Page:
In a recent Medscape piece entitled “How Impaired Physicians Can Be Helped” the author propounds the values of the PHP program, even providing a 29 page listing of all of the state PHPs and their services offered and populations served (a worrisomely broad swath of professionals). I felt compelled to reply.
I believe it is crucially important for Medscape and Mr./Dr. Chesanow to know that the national PHP list (which appears when one goes to print the article) erroneously indicates that PHPs evaluate and treat a wide variety of conditions that they are in fact neither authorized nor trained to conduct.
There are several issues here which require MEdscape’s closer examination:
- A number of PHPs are chartered as non-profit 501c3 public charities. In checking with legal counsel, I was informed that such organizations by definition cannot perform professional evaluation and treatment services while operating as a “public charity.”
- Chartered as such, they are not incorporated as medical corporations. However, they are conducting the same professional activities as a medical corporation.
- “So what?” one might say. What this means is that an organization incorporated as such and performing the wide diversity of activities it does is practicing medicine without a license.
- Further, organized as such, they carry no malpractice insurance. Imagine!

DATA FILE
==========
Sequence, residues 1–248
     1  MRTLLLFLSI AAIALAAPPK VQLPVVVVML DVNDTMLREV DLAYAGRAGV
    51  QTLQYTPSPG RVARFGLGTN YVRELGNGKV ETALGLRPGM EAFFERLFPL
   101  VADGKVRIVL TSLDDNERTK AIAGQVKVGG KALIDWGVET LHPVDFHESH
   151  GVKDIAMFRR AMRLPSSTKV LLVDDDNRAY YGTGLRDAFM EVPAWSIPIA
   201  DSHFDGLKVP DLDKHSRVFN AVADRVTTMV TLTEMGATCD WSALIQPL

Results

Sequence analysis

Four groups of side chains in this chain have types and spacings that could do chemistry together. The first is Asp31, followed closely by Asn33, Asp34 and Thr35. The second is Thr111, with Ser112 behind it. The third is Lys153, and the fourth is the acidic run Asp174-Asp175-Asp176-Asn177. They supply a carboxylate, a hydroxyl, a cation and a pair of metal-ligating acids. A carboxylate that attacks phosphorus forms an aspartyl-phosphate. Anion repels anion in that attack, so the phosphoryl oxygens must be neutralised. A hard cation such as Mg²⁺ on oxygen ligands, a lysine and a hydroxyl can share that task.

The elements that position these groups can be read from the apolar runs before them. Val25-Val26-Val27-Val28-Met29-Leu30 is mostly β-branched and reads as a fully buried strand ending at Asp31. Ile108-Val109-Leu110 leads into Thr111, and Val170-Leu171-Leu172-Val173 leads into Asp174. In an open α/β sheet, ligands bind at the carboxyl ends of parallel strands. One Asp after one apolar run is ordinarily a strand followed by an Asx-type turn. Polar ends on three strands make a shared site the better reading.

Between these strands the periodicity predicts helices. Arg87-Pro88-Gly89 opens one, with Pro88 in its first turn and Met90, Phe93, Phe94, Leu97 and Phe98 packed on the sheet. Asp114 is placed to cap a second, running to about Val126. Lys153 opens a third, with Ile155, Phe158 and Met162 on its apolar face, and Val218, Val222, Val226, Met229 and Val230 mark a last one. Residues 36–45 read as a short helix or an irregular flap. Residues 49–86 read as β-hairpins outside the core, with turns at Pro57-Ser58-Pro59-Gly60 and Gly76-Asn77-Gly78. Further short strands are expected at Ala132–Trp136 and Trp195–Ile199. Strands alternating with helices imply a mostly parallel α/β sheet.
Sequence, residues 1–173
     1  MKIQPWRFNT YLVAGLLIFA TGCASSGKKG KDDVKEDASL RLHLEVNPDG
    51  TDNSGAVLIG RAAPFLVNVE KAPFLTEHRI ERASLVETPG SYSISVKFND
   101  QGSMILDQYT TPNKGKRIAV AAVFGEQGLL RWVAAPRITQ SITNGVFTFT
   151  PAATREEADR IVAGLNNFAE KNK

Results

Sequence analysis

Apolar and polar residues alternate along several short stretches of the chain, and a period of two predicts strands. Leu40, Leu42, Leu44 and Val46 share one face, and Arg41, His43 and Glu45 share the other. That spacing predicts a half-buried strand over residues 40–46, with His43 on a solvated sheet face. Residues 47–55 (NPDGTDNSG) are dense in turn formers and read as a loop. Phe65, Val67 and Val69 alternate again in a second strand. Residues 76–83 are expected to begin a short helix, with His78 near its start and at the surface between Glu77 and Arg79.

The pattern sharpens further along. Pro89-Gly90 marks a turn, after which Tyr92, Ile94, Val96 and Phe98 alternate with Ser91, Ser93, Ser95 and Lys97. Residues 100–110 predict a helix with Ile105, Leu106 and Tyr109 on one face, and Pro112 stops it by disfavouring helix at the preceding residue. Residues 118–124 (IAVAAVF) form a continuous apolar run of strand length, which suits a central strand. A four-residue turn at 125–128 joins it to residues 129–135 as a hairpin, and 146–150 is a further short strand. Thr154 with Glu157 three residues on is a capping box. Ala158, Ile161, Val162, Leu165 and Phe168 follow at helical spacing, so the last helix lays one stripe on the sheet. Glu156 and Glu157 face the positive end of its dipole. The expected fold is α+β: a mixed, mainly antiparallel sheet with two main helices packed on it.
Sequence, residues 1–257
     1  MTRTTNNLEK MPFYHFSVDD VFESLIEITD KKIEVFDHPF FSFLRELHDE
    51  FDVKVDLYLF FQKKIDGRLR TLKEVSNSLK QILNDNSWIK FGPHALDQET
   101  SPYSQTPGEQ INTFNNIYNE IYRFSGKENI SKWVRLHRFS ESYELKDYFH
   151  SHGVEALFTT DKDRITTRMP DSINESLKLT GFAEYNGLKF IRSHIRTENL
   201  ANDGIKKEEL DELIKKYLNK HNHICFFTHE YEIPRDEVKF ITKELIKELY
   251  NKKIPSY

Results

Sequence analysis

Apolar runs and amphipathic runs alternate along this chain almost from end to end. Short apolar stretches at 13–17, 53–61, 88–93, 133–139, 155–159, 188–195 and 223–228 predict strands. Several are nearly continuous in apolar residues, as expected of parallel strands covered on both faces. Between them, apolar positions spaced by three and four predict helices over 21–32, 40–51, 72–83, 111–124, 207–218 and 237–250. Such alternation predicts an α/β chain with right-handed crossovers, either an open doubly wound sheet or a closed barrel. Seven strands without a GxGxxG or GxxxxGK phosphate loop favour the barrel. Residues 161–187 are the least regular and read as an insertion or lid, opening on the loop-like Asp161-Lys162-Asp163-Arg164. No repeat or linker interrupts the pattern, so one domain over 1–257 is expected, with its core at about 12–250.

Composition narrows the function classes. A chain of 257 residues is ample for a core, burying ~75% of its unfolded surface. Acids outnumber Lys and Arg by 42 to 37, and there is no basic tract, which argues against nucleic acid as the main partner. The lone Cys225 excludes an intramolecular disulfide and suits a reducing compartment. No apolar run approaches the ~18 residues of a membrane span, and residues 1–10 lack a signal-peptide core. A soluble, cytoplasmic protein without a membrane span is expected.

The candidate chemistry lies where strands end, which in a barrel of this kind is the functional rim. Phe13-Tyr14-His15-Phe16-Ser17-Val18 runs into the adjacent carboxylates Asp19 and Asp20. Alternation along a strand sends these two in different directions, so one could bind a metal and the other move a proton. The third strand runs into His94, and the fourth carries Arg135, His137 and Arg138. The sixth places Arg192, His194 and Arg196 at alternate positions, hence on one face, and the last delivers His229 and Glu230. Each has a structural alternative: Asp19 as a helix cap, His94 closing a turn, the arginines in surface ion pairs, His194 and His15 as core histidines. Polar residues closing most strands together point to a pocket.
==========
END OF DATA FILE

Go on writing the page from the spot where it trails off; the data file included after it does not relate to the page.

- Additionally, being a “public charity” and not a medical corporation, they can hire any old hack or zealot they want to conduct a physician’s evaluation because, not being a medical corporation, there’s no licensing requirement, is there?
- But get this, in NC, the PHP refuses to give the subject physician a copy of his/her evaluation because they assert that, even though one was interviewed for over two hours by two individually licensed clinicians who wrote up an evaluation report which they submitted to unknown personnel at the licensing board, what they conducted wasn’t a diagnostic psychiatric evaluation at all but rather “peer review.” Peer Review! This certainly gives a new understanding to that activity that is defined as something entirely different under HCQIA, the federal law defining the parameters for peer review.
Now, tell me, how does a PHP evaluate and treat, or even evaluate and refer, all of these conditions if it a) is not licensed to conduct such evaluations; and b) actually denies to the subject physicians (and all other professionals sent to it) that it conducts such evaluations?
Not being a licensed medical corporation, what is to prevent them from hiring Joe Schmoe the retired barber who’s in recovery and who is so grateful to AA to conduct these “evaluations”? Please also explain for me how can PHPs assert that they evaluate and treat this array of conditions given these documented findings?
Remember, in several PHPs, these are non-profit “public charities” which explicitly deny that they conducts diagnostic evaluations. But how can they treat or make referrals if these aren’t diagnostic evaluations? So, what does one call these two hour multi-clinician meetings at which a detailed report is produced but concealed from the subject physician??
Even more basic, isn’t this a fundamental violation of trust? Why would anyone even risk his or her career or mental health to such an evasive, unlicensed identity, one at that which makes life and death decisions over one’s career simply on revelation that one suffers from depression or made the unwise decision to drive after having wine at a party, or on unvetted anonymous allegations which they refuse to share with the subject physician?